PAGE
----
Charlotte Curtis discusses whether the new rules for registration of security granted by overseas companies, which came into force last October, leave security holders in a more unsatisfactory position than they were in under the unpopular Slavenburg regime.
It is of paramount importance to security holders to determine whether their security is registrable. Security which is registrable under the Companies Acts but not presented for registration will be void under English law on the insolvency of the security providing company and against the company’s other creditors (unless other legislation disapplies the requirement to register).
Under the Companies Act 1985, security granted by an overseas company over English property was registrable if the overseas company had an English “place of business”. In Slavenburg’s Bank N.V. v. International Natural Resources Ltd1 the courts gave a wide interpretation to this term. As a result, and to avoid the need to analyse whether or not a company had established an English place of business, it became standard practice to present for registration security created by all overseas companies over present or future property in England and Wales. The Registrar would enter the documents received from unregistered overseas companies on the so-called Slavenburg register. The Registrar would then return the documents to the sender with a standard form of letter as proof of delivery and compliance with the registration requirements of the relevant Companies Act. The sole purpose of the Slavenburg register was to ensure the security was not invalid.
The Companies Act 2006 and its associated secondary legislation brought in new rules from 1 October 2009. Under the new rules, security which an overseas company grants must be registered at Companies House within 21 days if (and only if):
- it is of a registrable type;
- it is over property “situated” in the United Kingdom on the date the security is given; and
- at the date it grants the security, the overseas company has registered a UK establishment at Companies House and the particulars of registration are “available for public inspection”.
Limbs (a) and (b) broadly follow the rules under the 1985 Act. But limb (c) is new, and was included to kill off the Slavenburg register and Slavenburg filings. Its aim was to clarify exactly which overseas companies were bound by the rules. But does it give security holders the certainty they need?
In theory, to check satisfaction of limb (c), a security holder should be able simply to check the online Companies House register. If on the date the overseas company grants the security it has not registered a UK establishment there is no need to file.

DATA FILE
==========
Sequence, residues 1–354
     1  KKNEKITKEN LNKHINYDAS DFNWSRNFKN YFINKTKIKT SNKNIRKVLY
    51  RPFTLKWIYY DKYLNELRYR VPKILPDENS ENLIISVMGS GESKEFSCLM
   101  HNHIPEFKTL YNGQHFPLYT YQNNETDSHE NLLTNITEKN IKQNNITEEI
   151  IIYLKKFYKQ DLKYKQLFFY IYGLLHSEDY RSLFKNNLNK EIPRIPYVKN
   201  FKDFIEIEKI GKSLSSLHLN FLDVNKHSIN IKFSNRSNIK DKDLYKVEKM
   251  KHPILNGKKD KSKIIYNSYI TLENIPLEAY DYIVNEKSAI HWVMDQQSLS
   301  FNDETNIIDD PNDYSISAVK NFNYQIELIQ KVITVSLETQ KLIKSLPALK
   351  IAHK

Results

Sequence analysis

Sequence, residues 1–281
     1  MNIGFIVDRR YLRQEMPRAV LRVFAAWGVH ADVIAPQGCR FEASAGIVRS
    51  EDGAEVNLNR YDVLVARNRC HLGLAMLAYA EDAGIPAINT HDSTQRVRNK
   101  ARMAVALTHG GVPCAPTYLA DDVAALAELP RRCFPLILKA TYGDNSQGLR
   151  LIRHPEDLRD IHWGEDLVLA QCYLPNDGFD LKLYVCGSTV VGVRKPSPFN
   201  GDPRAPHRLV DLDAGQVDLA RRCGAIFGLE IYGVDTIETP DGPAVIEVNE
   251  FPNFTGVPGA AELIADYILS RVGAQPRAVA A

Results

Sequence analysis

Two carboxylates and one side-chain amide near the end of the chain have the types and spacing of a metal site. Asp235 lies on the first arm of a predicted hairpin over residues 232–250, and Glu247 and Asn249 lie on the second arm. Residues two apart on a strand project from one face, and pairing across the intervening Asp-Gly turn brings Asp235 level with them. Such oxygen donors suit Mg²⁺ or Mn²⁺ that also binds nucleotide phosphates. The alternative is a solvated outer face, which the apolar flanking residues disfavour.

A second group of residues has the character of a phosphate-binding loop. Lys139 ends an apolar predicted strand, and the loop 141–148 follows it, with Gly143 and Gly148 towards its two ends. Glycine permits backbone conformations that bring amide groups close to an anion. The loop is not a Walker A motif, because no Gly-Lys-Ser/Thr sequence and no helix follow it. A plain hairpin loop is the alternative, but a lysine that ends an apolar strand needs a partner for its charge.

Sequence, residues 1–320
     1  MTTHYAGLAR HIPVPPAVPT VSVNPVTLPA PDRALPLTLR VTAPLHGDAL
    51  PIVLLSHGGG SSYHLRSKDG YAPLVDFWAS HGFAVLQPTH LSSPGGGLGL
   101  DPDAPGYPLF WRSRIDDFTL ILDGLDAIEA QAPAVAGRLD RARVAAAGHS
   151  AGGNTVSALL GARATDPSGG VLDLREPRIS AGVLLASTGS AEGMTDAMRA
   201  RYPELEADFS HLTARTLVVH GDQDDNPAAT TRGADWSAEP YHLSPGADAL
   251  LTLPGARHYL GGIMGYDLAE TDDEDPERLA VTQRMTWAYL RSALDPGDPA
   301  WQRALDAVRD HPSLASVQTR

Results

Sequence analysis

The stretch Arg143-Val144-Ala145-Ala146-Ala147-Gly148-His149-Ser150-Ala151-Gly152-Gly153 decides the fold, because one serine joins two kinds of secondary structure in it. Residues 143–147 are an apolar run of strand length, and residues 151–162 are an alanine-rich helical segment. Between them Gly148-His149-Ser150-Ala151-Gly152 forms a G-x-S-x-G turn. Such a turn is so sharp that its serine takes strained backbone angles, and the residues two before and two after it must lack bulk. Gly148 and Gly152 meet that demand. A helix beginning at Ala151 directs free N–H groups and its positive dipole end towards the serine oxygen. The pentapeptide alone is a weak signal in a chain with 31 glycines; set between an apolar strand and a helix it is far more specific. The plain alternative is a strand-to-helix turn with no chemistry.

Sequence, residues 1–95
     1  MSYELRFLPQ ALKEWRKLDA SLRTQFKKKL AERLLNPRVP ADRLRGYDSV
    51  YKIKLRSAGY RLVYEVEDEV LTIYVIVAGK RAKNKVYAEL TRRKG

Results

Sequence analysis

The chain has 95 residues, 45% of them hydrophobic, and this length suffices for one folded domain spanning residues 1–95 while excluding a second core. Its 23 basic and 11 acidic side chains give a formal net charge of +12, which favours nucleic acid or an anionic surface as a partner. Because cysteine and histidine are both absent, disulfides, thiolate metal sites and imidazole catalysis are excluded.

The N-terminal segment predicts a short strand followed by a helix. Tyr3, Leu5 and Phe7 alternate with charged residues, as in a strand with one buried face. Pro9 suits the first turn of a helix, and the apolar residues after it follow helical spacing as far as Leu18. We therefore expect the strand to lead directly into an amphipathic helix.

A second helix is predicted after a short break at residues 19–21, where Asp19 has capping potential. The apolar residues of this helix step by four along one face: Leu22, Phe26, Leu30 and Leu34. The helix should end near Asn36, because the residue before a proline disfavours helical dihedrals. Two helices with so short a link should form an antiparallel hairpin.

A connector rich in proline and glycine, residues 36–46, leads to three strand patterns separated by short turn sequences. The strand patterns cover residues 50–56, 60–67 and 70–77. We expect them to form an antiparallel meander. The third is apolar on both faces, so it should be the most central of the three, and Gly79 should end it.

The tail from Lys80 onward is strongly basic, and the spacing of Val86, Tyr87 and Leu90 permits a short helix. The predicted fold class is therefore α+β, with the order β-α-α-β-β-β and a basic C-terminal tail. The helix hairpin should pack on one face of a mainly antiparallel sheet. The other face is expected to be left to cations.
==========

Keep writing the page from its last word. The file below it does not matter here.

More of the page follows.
In practice, though, searching the Companies House register for a registered UK establishment is not always conclusive. An overseas company can carry on business in the UK under a trading name different from the name under which it is incorporated. When it registers a UK establishment, it can choose to register under the trading name. A search of the Companies House register under the name of an overseas company would reveal the existence of any UK establishment registered under that name. However, it would not reveal the existence of a UK establishment registered under the trading name. You may not always be able to search under the trading name, because you may not know it.
A related problem could arise if an overseas company is from a jurisdiction which uses a script other than Roman. How will a lender know how the company transcribed its name (or the name of its UK establishment) into the Roman alphabet in the registration documents?
With no quick technical or legislative fix on the horizon, law firms considered resurrecting Slavenburg registrations. After all, the requirement of the legislation is not to register security, but simply to deliver prescribed particulars of the security, so would it matter if Companies House rejected the registration attempts? Most practitioners opted not to carry out such registrations as a matter of course. There is no guarantee such a registration would in fact protect the security if an overseas company had actually registered a UK establishment under a different name at the time it granted the security. Under the Companies Act 2006, the different name would be the company’s name “for all purposes” under UK law. Arguably, therefore, a registration under the name by which the company was incorporated would not have been made in the correct name.
Being pragmatic, the risk of an overseas company having registered a UK establishment under a different name from its own, which the security holder does not know about, seems low.
Consequently most security holders and their representatives are trying to address the risks via safeguards in the transaction documents, for example:
(a) a representation from each overseas obligor that it has not registered any UK establishment (other than as disclosed to the facility agent) in the facility agreement; and
(b) as a condition precedent to first funding, an officer’s certificate from each overseas obligor confirming the statement made in the above representation.
This approach is not without risk: it would not help a security holder dealing with a dishonest or disorganised borrower group. However, until Companies House or the legislators grapple with the current problems, it probably represents a proportionate solution.